Editor's note: This article was updated and revised on Friday Jan. 4, to reflect Ald. Burke's resignation as Chicago City Council Finance Committee Chairman; to include Cook County Board President Toni Preckwinkle's call for Burke to resign as alderman; and to include comments from a spokesman for the Illinois ARDC.
One of the most powerful political figures in Chicago history stood before a federal judge Thursday, hours after federal prosecutors unsealed their indictment against Ald. Ed Burke.
Burke stands accused of attempting to use his position, as an alderman and political boss, to extort business from the company that owns hundreds of fast food restaurants, including dozens in the Chicago area.
At the center of the accusation, however, stands Burke’s law firm, Klafter & Burke, and the huge business the firm has developed through the decades in representing business people and others, seeking to use the firm, with its politically-influential and deeply connected head, to win reductions in their property tax bills.
Alderman Ed Burke
According to the indictment released Thursday afternoon, Burke is accused of attempting to use his aldermanic office and political power to hold up the permits needed by the fast food franchisee to renovate their restaurant, located in Burke’s 14th Ward.
While the indictment does not identify the restaurant or the company in question, other published reports indicate the restaurant was a Burger King at 4060 S. Pulaski Road. The restaurant stands at another pivotal moment in Chicago history, as it is located near where Chicago Police officers gunned down Laquan McDonald in 2014, leading to ongoing political fallout and a Chicago Police officer’s conviction for murder.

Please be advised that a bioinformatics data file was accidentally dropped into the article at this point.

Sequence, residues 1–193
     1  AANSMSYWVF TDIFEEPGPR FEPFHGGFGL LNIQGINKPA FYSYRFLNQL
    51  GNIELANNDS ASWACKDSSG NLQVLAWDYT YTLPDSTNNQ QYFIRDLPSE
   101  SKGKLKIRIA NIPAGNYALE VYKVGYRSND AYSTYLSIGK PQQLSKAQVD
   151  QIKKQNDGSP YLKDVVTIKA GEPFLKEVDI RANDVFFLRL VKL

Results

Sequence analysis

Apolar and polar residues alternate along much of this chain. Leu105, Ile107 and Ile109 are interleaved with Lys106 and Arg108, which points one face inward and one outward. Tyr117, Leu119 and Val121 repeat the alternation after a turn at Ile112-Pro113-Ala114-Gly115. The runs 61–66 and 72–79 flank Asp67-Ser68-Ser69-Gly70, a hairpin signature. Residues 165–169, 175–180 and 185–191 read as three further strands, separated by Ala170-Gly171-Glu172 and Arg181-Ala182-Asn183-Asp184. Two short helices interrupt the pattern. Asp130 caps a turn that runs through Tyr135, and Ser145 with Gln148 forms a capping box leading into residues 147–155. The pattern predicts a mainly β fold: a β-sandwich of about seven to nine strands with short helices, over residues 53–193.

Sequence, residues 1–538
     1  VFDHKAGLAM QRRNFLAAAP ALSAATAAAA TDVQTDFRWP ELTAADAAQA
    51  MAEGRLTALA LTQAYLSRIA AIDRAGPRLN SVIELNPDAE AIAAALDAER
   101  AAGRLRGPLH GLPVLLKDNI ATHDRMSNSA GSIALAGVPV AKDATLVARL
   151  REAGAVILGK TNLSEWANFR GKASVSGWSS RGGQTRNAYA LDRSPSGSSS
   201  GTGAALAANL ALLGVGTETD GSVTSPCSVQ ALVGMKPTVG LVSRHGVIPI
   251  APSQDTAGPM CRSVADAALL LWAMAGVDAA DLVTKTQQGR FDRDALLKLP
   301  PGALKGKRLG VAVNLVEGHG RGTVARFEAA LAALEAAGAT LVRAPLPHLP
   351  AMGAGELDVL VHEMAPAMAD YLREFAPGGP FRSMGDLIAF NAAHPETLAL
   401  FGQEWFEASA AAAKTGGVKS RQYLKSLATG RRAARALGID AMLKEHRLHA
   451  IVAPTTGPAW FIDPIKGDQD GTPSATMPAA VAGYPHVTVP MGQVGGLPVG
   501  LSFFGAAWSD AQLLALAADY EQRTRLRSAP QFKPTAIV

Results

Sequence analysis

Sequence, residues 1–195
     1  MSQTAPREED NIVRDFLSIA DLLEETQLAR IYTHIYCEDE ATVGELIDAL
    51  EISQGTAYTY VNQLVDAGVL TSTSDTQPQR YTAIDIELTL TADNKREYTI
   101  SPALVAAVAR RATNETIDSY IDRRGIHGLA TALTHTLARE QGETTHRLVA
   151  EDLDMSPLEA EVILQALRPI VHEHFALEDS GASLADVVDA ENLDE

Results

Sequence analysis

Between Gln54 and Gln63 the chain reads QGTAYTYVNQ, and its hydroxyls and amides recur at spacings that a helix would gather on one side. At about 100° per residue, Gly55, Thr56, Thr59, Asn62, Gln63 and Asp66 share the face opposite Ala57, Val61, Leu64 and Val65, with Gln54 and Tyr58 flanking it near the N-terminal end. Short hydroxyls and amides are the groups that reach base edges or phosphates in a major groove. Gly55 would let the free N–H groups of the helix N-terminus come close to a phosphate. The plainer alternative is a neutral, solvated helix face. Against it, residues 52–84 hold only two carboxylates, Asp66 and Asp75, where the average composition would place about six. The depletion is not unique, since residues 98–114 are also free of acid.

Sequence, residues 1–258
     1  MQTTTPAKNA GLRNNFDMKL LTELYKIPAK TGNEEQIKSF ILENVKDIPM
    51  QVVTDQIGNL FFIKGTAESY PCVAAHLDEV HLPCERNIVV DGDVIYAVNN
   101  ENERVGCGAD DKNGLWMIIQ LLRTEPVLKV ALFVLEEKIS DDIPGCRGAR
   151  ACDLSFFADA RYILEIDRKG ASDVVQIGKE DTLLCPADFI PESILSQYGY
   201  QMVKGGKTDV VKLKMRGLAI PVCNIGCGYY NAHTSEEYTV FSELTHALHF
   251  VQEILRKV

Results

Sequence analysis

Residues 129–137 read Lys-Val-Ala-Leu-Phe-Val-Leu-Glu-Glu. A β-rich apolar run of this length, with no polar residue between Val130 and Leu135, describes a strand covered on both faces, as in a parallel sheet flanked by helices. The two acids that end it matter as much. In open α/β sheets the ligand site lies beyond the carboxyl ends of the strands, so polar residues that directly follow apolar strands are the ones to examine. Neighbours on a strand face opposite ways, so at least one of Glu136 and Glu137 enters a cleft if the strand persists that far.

According to the indictment, the company that owns the restaurant – identified as “Company A” – was seeking Chicago city permits to renovate the restaurant. When they contacted Burke’s office for assistance, prosecutors allege Burke personally spoke with executives from Company A and allegedly offered them their permits in exchange for them bringing their business to his law firm.
The indictment says that Burke did not just seek their business for the one restaurant, but for all of the fast food franchises they operate in Cook County.
It further alleges the company executives either did not initially fully understand what was being asked of them, or were resistant to agree to the deal.
At that point, the indictment alleges, Burke used his office to hold up a driveway permit the restaurant needed for its drive-thru, and to shut down construction work until the Company A executives agreed to his alleged demands.
According to the indictment, Company A never hired Burke’s firm.
Additionally, the indictment asserts, Burke also secured a $10,000 political donation from Company A, which the indictment asserts was requested on behalf of another unidentified politician. Other published reports assert that other politician was Cook County Board President Toni Preckwinkle, who also serves as chairman of the Cook County Democratic Party and is running for mayor of Chicago.